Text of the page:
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Go Back   SailNet Community > On Board > Gear & Maintenance > Soliciting sage haulout advice
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Thread: Soliciting sage haulout advice Reply to Thread
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Topic Review (Newest First)
02-15-2011 03:10 PM
sailingfool After cleaning the prop and shaft, paint both with 3-4 coats of this stuff http://www.pettitpaint.com/fileshare...ds/1179320.pdf
and they will stay barnucle free for at least six months or more, depending on local conditions.
02-15-2011 11:16 AM
blt2ski Something I will do on the next haul out, altho a good diver can do this. If you have a max prop or equal, and want/need to change out the pitch, this is a good time, or for that matter, change from a fixed to a folding/feathering prop for a bit more lighter air performance. I' going to add one pitch adjustment to my max prop to see if I can get a bit more speed out of the boat.

Otherwise, lots of good advise to chew over!

marty
02-15-2011 10:43 AM
willynilly Thanks, SJ2K. The yard will take it's time, doing the bronze, zinc, and through hull work first. Should be a few weeks before they start the sanding and prep. Meanwile, I'll prep the deck and brightwork for paint and varnish, and a new dodger will be the cherry atop the dessert!
02-15-2011 10:31 AM
souljour2000 I would suggest letting it dry out for a month under a tarp ...and meanwhilst attend to other smaller projects...then let them do the bottom job...(if you can afford the extra month)...

The paint and barrier coat will stick and absorb much better at that point IMHO...

I am getting ready to haul out my Seafarer 24 and plan on 4-6 weeks drying time before I do any painting but she's a fairly ancient hull from 1971 and I want to insure good adhesion since the bottom paint on her from her '05 bottom job by earlier owner now is literally peeling off in fairly large strips. Good luck
02-15-2011 06:16 AM
willynilly Trying to post an image, but we have trouble getting AM radio out here, much less a fast connection!
02-15-2011 06:11 AM
willynilly Ten four. I'll check out what they like at the yard for the packing. It's two and a half hours away, but we're still a month ahead of schedule. I should get a look tonight. As far as the blisters go, the photos look good, the few open blisters have gel coat underneath, there was a spot that will need epoxy from a crab pot strike, and I'm told the rudder is in good shape. They will start the bottom paint next week, and we are expecting Spring weather.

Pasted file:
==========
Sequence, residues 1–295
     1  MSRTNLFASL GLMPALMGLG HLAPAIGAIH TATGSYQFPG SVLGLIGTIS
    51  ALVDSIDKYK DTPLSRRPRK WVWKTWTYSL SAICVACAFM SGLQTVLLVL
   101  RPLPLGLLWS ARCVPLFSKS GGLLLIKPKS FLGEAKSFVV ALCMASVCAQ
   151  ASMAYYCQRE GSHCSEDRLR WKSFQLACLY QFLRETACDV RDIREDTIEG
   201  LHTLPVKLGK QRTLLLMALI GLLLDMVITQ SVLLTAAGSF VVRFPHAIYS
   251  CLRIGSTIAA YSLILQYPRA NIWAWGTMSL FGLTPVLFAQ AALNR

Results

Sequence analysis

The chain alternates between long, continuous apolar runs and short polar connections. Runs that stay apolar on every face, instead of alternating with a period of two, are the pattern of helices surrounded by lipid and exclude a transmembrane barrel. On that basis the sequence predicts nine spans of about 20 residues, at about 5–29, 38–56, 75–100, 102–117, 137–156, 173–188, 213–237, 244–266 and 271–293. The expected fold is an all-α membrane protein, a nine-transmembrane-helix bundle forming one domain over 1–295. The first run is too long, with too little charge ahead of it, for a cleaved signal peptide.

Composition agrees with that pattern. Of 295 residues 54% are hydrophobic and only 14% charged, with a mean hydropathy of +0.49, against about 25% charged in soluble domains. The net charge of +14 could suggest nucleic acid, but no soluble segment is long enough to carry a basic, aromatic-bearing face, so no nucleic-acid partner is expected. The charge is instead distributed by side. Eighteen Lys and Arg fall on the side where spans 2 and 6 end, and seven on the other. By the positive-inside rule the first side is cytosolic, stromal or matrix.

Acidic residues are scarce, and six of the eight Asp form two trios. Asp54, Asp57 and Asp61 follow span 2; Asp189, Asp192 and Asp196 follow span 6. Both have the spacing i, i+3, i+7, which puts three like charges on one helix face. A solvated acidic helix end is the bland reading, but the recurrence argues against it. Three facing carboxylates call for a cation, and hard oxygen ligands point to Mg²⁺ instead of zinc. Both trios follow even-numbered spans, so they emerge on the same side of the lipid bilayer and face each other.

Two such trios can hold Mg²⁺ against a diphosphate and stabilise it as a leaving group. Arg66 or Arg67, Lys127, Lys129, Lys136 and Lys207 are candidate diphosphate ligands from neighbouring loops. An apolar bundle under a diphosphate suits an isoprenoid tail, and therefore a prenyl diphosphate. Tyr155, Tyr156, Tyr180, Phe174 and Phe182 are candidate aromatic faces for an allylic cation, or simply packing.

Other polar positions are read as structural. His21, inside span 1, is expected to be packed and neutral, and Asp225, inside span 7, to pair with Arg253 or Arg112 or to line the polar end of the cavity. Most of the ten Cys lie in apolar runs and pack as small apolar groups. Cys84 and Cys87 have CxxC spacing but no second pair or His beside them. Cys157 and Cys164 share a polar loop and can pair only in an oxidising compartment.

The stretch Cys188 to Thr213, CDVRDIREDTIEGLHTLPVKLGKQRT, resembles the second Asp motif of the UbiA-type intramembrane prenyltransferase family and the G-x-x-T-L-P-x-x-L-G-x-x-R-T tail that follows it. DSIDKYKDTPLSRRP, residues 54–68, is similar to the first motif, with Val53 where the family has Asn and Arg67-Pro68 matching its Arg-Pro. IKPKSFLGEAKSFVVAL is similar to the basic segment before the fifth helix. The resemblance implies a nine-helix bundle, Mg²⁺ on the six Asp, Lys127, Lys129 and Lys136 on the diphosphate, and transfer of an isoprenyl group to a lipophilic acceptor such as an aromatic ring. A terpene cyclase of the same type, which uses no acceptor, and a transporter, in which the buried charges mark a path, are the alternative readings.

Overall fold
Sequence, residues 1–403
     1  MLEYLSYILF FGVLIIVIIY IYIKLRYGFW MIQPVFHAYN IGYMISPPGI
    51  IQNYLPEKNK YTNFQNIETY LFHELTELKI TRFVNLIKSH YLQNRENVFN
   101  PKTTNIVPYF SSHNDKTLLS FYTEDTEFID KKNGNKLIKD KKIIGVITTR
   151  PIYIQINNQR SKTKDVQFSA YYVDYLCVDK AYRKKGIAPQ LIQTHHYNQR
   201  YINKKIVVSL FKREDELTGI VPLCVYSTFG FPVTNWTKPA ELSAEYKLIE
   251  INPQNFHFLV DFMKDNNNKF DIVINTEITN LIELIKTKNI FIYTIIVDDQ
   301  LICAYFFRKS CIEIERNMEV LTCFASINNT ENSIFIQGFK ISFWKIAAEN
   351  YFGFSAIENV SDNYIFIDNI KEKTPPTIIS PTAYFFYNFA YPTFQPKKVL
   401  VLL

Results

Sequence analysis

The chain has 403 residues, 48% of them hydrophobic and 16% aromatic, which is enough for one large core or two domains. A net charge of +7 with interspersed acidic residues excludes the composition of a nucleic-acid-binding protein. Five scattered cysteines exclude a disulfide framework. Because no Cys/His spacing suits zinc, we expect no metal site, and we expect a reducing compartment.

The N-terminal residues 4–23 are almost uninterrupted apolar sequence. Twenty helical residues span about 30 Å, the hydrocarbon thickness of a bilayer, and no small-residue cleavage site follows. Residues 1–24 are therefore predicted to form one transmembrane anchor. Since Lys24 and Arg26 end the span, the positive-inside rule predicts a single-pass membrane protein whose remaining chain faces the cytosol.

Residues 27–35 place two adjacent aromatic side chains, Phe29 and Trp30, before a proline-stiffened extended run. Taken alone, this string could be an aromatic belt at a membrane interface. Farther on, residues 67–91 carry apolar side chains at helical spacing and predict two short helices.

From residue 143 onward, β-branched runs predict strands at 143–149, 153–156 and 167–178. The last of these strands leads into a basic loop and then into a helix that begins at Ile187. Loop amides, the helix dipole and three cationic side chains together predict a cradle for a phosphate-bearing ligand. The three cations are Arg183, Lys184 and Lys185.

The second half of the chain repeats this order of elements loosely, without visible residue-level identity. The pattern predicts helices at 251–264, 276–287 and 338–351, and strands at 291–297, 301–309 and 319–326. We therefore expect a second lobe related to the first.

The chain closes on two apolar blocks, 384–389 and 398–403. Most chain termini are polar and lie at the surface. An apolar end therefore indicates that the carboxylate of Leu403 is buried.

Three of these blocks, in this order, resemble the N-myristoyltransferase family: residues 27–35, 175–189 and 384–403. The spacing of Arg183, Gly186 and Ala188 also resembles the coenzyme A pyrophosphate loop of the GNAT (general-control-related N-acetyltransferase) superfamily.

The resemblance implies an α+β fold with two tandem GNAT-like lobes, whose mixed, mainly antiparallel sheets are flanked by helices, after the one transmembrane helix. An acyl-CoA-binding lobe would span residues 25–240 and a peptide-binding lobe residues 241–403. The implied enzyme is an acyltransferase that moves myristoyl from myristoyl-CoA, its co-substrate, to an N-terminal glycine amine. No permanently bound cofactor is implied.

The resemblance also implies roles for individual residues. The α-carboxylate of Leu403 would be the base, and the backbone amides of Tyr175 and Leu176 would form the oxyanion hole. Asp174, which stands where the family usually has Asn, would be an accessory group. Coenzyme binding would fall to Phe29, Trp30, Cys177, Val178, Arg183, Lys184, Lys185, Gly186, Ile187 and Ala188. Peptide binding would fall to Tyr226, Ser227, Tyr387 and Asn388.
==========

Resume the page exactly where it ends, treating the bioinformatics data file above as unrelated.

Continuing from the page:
02-14-2011 04:28 PM
sailingdog
Quote:
Originally Posted by lancelot9898 View Post
I assume that the GFO stuff is the same as the GTU flax sold by WM and Defender, both being gortex. ??
Very similar. The stuff to avoid is the crap that has the "putty" like stuff, because that will cause damage to the shaft.
02-14-2011 04:21 PM
lancelot9898
Quote:
Originally Posted by sailingdog View Post
If you decide to stick with a standard/traditional stuffing box, please do yourself a favor and get the GFO goretex packing material, [/B]
I assume that the GFO stuff is the same as the GTU flax sold by WM and Defender, both being gortex. ??
02-14-2011 03:52 PM
sailingdog If you decide to stick with a standard/traditional stuffing box, please do yourself a favor and get the GFO goretex packing material, as it requires less water dripping to lubricate it. It should not be DRIPLESS when the shaft is turning, but can often be adjusted such that it doesn't drip when the shaft is not moving.
Quote:
Originally Posted by SlowButSteady View Post
WN,

Be aware that if a dripless shaft seal fails, while admittedly a rare event, it can sink your boat. A properly adjusted stuffing box lets very little water into the boat, and can't really fail in the catastrophic manner that dripless seals sometimes do.
02-14-2011 01:04 PM
SlowButSteady WN,

Be aware that if a dripless shaft seal fails, while admittedly a rare event, it can sink your boat. A properly adjusted stuffing box lets very little water into the boat, and can't really fail in the catastrophic manner that dripless seals sometimes do.
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